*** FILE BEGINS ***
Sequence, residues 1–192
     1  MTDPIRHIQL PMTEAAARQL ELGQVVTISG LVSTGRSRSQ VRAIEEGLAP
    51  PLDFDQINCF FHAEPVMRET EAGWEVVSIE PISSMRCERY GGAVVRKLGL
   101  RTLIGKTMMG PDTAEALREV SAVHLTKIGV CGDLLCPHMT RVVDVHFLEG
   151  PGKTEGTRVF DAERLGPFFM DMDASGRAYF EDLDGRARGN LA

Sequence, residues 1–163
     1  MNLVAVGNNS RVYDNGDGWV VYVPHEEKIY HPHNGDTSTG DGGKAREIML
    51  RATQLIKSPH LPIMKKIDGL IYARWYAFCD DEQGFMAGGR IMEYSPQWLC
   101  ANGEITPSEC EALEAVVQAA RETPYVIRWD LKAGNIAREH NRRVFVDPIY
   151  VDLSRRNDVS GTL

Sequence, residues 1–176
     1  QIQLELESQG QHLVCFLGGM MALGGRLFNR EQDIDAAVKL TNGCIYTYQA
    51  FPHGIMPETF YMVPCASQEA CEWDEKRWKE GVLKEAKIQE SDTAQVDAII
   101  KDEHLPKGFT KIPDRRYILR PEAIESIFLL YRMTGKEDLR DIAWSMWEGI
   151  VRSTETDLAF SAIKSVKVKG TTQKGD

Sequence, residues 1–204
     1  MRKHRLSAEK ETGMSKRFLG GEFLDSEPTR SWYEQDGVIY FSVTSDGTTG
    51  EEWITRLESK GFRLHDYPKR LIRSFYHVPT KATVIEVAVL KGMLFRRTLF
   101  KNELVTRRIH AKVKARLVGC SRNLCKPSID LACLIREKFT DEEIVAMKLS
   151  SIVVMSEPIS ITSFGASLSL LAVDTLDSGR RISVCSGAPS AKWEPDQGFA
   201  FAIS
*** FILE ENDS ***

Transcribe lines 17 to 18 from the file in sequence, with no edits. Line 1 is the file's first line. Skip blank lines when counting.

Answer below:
     1  MRKHRLSAEK ETGMSKRFLG GEFLDSEPTR SWYEQDGVIY FSVTSDGTTG
    51  EEWITRLESK GFRLHDYPKR LIRSFYHVPT KATVIEVAVL KGMLFRRTLF